“That’s nice of you, Mother.” She pressed an ear to one shoulder and then the other. “But I’m guessing landscape design has come a long way since 1984. And Sal’s firm has a full reference library. But if you want him to have it—”

“I do. I’ll put it with your things so you won’t forget it when we leave.” 

As usual, her mother’s mind was made up and nothing could change it. Same with the move. Since Harper’s beloved dad’s unexpected death two years earlier, it had become increasingly clear that the century-old farmhouse in Superior, Wisconsin, a small town located at the top of the mitten-shaped state, had become too much for her elderly mother to handle alone. Only, whenever Harper had suggested putting it up for sale, her mother refused to discuss it. Rose was “just fine, thank you,” alone in the place she’d called home for the past fifty years. Undaunted, Harper had arranged meetings with local real estate agents, every one of which Rose cancelled at the last minute, citing unforeseen “emergencies.” Like a hair appointment. 

The crowbar that finally pried her mother loose came courtesy of a letter from the Wisconsin Department of Transportation announcing plans for a new county road designed to barrel straight through the Mitchell dining room. Backed into a nearly literal corner, Rose agreed to sell and move four hundred miles south, reluctantly returning to Milwaukee, the city where she had grown up and Harper now lived. But at the rate they were going, they’d never be ready for the moving van tomorrow, according to the “To-Do List” Harper had taped to the decades-old fridge when she’d arrived two days ago. At least her mother had read Moving Made Easy, the book Harper had sent weeks earlier, judging by the dozens of neatly labeled and empty boxes Rose had lined up in each room. And at least the old farmhouse had been scrubbed from top to bottom by the time Harper had shown up, although she couldn’t imagine the always-sparkling abode needed much. What she hadn’t anticipated was Rose’s uncharacteristic indecision over her abundant collection of books. At least Moving Made Easy was one book Rose would never need again.

Harper checked her watch, curiosity overcoming her irritation. Besides, she could use a quick break. Returning to the hatbox, she yanked away the tape and lifted the lid. A pressed rose lay on top, the scent and color of which—a bluish pink, or lavender, maybe? —had long since faded away. The flower was nestled on top of a small, hand-knit, pink baby blanket. It was folded around what appeared to be a frayed, leather-bound Polish prayer book. Złoty Klucz do Nieba Ksiazka do Nabozenstwa, it said on the cover.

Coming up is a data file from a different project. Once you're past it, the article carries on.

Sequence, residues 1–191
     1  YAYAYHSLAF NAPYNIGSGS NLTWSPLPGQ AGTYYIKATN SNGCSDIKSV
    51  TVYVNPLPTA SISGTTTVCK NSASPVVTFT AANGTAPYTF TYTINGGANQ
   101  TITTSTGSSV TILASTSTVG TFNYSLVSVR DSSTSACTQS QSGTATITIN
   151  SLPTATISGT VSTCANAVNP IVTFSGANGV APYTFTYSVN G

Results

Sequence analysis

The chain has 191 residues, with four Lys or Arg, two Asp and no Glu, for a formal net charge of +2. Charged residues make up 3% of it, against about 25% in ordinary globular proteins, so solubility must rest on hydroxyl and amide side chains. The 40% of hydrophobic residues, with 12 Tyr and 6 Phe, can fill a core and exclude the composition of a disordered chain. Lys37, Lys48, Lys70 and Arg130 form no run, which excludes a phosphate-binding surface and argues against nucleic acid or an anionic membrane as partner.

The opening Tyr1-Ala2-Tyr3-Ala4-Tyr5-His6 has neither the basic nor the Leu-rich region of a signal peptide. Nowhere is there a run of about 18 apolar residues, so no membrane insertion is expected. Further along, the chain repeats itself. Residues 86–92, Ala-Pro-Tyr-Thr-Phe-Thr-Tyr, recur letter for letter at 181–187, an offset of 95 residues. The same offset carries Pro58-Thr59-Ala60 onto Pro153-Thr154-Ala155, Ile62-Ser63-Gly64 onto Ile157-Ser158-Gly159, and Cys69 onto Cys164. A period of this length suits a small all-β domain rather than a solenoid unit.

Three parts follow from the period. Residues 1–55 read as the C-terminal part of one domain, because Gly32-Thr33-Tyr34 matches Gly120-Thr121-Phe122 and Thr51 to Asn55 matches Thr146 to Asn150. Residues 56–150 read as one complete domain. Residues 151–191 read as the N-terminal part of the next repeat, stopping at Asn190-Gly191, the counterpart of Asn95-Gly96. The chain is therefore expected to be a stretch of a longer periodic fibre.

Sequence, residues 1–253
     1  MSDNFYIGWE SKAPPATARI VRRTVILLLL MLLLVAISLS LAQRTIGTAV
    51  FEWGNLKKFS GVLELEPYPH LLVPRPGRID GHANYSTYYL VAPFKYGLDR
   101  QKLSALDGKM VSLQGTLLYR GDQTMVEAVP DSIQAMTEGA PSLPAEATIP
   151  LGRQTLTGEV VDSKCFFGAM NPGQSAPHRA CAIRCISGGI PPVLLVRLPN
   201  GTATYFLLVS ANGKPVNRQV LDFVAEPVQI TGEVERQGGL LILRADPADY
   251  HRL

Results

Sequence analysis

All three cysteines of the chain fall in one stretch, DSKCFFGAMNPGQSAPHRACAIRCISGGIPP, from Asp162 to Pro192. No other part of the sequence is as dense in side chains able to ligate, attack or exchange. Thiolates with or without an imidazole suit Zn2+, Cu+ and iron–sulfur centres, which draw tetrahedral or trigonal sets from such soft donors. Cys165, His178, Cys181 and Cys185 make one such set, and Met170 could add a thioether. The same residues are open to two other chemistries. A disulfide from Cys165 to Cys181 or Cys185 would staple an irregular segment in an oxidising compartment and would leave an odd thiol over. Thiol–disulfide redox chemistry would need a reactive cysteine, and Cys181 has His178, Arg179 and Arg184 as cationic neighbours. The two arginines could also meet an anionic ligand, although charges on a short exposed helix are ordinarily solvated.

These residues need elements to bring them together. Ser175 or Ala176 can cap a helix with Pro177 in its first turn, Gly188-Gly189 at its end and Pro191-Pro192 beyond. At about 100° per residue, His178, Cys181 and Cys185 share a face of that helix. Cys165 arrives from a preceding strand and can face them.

Sifting through the mementos like an archeologist on a dig, Harper was surprised to find her long-buried interest in her heritage resurfacing. She pulled out a long, emerald green, satin-covered box and carefully snapped it open. Rosary beads, shiny smooth and pinky-peach. Coral, maybe? A small white ring box followed. Inside, a two-inch long curl of blond hair was tied with a black ribbon, the fine strands resting on the tiny, white satin pillow. A simple wooden crucifix came next, neatly wrapped in layers of thin tissue. Gently setting it aside, Harper reached in and came up with several documents, each brittle and yellowed with age. She carefully unfolded the delicate papers: a naturalization certificate for Ignatius Jaworski, her great-grandfather, who arrived in New York from Poland in April of 1912; and a marriage certificate issued in Detroit in 1913, uniting Ignatius with Antonina Aleksandrowicz, Harper’s great-grandmother, or “Busha,” as the family matriarch had been called for as long as Harper could remember.

She unfolded another scrap of paper—a handwritten recipe, in Polish, for czarnina. Wasn’t that some kind of soup? As Harper gently refolded it, she noticed another jaundiced scrap of paper crammed in between the hodge podge of relics. She carefully unfolded it: “Original Certificate of Death,” it read at the top. 

Harper pulled out a chair and sat down. “Mother, who was ‘Anna’ Jaworski?” Shifting in her seat, she was startled to find her mother standing behind her, peering over her shoulder, eyes darting back and forth over the papers and heirlooms lined up on the table. Rose was usually a model of composure. Why did she look as if each trinket were wired to explode? 

Rose hesitated before reaching for the ancient document: “Let me see that.” She held it up by one corner and frowned, squinting at it. “I’ve never heard of her. Anyway, whoever it was is long gone. And I have enough work to do going through my own things. We certainly don’t have time to sort through my grandmother’s rubbish.”

Rose dropped the certificate back into the box, but before her mother could escape again, Harper reached in and pulled out another keepsake: an identification card encased in hardened and yellowed plastic. The solemn face on it stared back at her. “Mother, wait—is your grandfather?”